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Typhi has been reported to express iron-uptake systems characterized by ..... Sharma-Rishi, P., Sharma, B. K., Sharma, S., Rawal, I. J., Saxena, S. M.,. Seghal, R.

Journal of Medical Microbiology (2005), 54, 815–821

DOI 10.1099/jmm.0.46042-0

Cellular immune response induced by Salmonella enterica serotype Typhi iron-regulated outermembrane proteins at peripheral and mucosal levels Shaloo Sood,1 Praveen Rishi,2 Harpreet Vohra,1 Saroj Sharma2 and Nirmal K. Ganguly1 † Correspondence

1

Department of Experimental Medicine and Biotechnology, Postgraduate Institute of Medical Education and Research, Chandigarh, India

2

Department of Microbiology, Panjab University, Chandigarh 160 014, India

Praveen Rishi [email protected]

Received 10 February 2005 Accepted 18 May 2005

The role of purified iron-regulated outer-membrane proteins (IROMPs) from Salmonella enterica serotype Typhi in modulation of specific T-cell responses was studied. The cellular immune response induced by IROMPs was measured by assessing the delayed-type hypersensitivity (DTH) response, lymphocyte proliferation, T-cell phenotyping and cytokine-producing cells using lymphocytes isolated from the spleen and Peyer’s patches of IROMPs-immunized, immunizedchallenged, infected and control mice. IROMPs immunization resulted in an enhanced DTH response and exhibited a significant increase in the protein-specific proliferative response of lymphocyte from the spleen as well as Peyer’s patches. A significant increase was also observed in the ratio of CD4þ /CD8þ cells in the immunized mice as compared to the infected mice. Results of the cytokine analysis revealed that during the initial period there was increased production of interleukin (IL)-2- and interferon (IFN)-ª-producing cells in the spleen and Peyer’s patches, indicating a Th1 type response, whereas in the later period of the study, increased production of IL-4producing cells suggested a Th2 type response. The results of this study suggest a role for S. Typhi IROMPs in modulating the cellular immune response at peripheral and mucosal levels.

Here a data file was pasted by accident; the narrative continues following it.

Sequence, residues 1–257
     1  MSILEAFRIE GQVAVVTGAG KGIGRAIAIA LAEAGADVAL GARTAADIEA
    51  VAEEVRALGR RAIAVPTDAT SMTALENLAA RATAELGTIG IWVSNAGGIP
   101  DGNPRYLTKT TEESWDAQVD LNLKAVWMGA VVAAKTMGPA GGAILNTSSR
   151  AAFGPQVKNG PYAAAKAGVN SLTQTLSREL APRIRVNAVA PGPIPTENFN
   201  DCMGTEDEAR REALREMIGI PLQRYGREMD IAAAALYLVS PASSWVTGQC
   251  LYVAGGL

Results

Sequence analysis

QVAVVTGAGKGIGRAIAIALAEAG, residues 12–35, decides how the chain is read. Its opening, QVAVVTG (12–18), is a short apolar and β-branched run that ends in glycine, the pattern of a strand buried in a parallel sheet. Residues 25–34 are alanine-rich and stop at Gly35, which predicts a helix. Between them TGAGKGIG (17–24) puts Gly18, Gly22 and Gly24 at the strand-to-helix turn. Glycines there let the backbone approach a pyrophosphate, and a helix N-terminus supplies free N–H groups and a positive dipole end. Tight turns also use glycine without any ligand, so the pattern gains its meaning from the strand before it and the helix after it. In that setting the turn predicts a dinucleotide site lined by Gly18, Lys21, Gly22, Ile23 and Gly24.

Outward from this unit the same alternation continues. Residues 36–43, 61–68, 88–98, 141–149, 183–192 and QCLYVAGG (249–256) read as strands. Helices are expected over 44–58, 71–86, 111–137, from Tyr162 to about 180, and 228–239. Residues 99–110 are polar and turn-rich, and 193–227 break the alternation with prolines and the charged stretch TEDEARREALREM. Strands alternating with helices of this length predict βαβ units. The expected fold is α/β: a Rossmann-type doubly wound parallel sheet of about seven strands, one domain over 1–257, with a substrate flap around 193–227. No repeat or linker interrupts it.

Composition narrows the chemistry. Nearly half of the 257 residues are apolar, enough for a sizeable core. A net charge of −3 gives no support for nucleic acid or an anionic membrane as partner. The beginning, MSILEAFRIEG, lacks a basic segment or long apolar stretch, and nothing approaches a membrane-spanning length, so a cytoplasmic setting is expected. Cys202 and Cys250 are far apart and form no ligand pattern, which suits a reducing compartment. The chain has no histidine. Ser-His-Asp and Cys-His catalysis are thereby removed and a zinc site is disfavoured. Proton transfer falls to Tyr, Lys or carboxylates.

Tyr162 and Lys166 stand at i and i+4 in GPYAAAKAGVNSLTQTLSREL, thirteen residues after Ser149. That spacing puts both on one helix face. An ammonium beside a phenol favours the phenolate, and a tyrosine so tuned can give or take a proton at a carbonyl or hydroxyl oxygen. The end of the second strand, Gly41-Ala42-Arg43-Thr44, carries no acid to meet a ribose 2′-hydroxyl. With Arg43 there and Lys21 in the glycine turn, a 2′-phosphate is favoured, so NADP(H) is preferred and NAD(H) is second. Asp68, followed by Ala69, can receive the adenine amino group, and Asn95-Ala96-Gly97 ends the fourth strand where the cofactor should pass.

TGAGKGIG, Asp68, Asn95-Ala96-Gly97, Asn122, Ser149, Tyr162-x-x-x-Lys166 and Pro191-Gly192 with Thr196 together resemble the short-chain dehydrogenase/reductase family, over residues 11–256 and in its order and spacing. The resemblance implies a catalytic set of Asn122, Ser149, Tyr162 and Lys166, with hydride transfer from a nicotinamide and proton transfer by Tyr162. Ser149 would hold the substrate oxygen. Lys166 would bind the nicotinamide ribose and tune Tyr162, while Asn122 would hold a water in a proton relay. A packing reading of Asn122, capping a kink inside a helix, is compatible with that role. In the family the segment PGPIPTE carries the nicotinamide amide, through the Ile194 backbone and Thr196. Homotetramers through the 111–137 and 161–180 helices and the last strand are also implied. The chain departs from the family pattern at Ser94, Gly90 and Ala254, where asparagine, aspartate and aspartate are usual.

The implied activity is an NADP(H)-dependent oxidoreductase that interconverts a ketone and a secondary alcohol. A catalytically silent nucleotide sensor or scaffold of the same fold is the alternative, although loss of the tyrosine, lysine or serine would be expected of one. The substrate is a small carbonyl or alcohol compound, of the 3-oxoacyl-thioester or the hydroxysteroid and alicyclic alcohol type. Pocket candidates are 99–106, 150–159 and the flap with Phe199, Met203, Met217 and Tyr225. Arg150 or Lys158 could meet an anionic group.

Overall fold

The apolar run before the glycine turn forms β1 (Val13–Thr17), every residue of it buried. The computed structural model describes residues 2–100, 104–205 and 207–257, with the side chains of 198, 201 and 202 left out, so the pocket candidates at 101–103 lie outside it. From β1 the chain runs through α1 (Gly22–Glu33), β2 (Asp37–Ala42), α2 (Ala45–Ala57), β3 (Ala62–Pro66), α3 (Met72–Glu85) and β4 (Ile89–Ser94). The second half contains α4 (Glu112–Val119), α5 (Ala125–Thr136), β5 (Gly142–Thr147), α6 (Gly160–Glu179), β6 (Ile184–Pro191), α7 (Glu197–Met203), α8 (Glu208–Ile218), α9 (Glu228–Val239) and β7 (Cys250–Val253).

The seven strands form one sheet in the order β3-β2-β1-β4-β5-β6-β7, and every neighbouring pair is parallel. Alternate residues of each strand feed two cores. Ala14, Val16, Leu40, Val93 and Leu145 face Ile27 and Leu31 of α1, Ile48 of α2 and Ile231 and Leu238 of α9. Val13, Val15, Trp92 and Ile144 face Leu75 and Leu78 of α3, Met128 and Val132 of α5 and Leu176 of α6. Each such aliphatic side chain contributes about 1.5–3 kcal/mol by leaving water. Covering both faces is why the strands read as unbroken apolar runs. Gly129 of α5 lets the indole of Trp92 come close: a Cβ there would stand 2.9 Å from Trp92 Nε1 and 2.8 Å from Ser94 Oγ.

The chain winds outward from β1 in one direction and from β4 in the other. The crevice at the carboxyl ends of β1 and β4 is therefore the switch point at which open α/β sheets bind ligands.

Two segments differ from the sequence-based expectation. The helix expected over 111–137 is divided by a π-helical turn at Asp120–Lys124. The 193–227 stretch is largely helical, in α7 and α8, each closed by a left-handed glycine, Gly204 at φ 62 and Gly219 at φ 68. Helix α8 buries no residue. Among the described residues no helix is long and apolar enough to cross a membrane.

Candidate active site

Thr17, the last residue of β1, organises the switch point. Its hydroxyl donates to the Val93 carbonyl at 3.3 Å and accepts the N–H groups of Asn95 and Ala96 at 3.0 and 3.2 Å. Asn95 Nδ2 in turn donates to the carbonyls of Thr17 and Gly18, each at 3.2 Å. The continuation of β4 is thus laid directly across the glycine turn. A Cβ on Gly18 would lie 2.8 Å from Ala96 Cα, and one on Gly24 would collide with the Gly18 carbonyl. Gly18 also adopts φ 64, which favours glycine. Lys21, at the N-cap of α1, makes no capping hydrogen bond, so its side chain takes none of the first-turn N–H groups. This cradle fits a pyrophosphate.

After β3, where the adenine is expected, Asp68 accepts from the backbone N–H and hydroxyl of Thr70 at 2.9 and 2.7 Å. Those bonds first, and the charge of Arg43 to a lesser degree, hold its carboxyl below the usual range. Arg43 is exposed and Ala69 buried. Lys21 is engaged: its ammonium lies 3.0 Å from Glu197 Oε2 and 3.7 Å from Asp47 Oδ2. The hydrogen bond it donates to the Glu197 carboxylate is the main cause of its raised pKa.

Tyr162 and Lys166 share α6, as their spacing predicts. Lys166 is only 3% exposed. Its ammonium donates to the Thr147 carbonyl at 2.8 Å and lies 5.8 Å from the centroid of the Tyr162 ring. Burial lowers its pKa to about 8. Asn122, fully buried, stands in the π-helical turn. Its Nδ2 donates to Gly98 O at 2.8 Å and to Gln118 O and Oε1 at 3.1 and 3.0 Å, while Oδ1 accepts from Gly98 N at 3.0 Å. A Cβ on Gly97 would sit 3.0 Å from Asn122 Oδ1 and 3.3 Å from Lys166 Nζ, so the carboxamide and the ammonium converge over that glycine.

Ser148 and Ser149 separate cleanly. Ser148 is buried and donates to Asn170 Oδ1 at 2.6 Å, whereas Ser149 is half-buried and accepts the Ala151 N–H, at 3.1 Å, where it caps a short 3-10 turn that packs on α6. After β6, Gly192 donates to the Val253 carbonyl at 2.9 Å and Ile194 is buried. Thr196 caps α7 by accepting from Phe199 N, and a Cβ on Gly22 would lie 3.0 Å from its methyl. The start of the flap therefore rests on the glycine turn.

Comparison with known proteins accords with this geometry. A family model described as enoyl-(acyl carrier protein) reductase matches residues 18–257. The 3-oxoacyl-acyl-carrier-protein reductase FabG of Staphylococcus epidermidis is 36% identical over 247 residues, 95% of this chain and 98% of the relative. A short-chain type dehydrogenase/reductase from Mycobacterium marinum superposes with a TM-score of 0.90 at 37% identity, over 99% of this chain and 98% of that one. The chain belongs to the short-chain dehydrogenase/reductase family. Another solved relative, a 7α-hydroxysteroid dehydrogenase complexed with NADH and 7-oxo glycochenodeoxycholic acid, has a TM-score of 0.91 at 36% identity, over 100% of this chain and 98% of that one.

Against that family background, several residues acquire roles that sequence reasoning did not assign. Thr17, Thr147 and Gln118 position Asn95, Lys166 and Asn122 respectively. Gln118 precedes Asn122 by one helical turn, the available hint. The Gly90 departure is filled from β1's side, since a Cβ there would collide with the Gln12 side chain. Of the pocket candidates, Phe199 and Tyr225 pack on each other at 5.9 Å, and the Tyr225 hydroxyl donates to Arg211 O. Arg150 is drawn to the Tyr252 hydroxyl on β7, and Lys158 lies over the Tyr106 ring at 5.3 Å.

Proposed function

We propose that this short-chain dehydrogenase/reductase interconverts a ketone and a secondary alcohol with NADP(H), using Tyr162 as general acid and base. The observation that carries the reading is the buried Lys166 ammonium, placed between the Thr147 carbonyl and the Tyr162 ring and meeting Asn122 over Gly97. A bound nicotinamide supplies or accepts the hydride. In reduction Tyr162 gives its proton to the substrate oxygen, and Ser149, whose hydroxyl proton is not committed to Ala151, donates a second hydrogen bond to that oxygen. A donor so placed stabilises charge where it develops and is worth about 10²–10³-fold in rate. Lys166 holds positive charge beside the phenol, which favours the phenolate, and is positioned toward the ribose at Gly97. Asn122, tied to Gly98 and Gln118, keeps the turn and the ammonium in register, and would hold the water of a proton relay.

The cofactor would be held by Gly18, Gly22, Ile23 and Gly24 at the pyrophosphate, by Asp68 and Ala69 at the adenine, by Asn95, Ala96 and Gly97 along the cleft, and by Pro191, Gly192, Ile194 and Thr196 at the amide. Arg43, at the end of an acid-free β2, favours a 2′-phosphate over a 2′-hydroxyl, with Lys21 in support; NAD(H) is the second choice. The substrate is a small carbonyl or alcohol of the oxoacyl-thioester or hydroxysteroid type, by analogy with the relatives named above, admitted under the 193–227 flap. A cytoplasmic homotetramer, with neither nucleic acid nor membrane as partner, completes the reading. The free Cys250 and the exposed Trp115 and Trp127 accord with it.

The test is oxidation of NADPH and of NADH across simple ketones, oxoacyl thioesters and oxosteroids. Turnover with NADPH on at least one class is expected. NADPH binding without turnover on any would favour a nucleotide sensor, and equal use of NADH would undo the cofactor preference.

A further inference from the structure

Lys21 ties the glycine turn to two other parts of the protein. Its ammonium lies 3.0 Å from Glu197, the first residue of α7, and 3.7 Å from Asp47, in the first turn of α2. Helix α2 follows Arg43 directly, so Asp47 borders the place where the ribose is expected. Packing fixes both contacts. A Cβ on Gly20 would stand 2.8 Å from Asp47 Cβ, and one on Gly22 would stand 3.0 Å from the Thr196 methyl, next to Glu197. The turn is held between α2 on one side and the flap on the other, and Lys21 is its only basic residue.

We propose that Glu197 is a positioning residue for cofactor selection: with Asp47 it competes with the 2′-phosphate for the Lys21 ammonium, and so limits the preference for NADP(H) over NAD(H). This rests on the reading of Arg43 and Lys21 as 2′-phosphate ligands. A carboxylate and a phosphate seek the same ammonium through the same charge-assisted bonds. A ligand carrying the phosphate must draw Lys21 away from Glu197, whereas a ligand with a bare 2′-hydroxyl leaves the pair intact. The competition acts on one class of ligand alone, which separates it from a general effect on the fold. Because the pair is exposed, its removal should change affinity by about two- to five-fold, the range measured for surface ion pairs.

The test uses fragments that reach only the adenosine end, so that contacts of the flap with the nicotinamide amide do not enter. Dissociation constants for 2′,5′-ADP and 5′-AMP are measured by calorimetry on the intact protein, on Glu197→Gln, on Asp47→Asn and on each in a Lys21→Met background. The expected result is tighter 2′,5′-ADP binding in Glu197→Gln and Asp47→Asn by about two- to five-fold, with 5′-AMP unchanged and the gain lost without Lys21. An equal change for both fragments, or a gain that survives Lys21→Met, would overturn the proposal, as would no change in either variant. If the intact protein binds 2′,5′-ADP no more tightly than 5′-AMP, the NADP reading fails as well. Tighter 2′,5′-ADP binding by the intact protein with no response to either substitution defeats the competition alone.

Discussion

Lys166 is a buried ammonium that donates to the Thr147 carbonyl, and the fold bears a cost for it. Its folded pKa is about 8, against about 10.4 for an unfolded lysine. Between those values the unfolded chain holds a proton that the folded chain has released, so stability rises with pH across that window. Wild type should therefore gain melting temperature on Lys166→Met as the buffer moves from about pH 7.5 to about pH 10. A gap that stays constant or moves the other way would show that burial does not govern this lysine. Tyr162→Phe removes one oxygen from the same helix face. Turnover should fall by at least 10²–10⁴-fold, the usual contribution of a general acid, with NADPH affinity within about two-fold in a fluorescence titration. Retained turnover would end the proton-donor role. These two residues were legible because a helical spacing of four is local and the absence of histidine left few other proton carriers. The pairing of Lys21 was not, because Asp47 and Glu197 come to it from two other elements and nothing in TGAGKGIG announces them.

INTRODUCTION Typhoid fever is an important public health problem in many developing countries. It is caused by Salmonella enterica serovar Typhi (S. Typhi), which replicates within the cells of the reticuloendothelial system. It is well documented in the literature that humans as well as experimental animals respond to Salmonella infection by activating not only humoral but also cell-mediated immune responses (McGhee & Kiyono, 1993). Attempts to identify the relevant protective antigens that induce effective immune responses are continuing. In addition to several attenuated S. Typhi strains, various subunit vaccines including Vi, LPS (alone or conjugated to proteins) and outer-membrane proteins (OMPs) have been evaluated. Recent interest in the study of microbial pathogenesis has focused on interactions of bacteria with the diverse and everchanging environment of the host (Smith, 1998). There is †Present address: Director General, Indian Council of Medical Research, New Delhi, India. Abbreviations: DTH, delayed-type hypersensitivity; IFN, interferon; IL, interleukin; IROMP, iron-regulated outer-membrane protein; OMP, outermembrane protein; PP, Peyer’s patch.

46042 & 2005 SGM Printed in Great Britain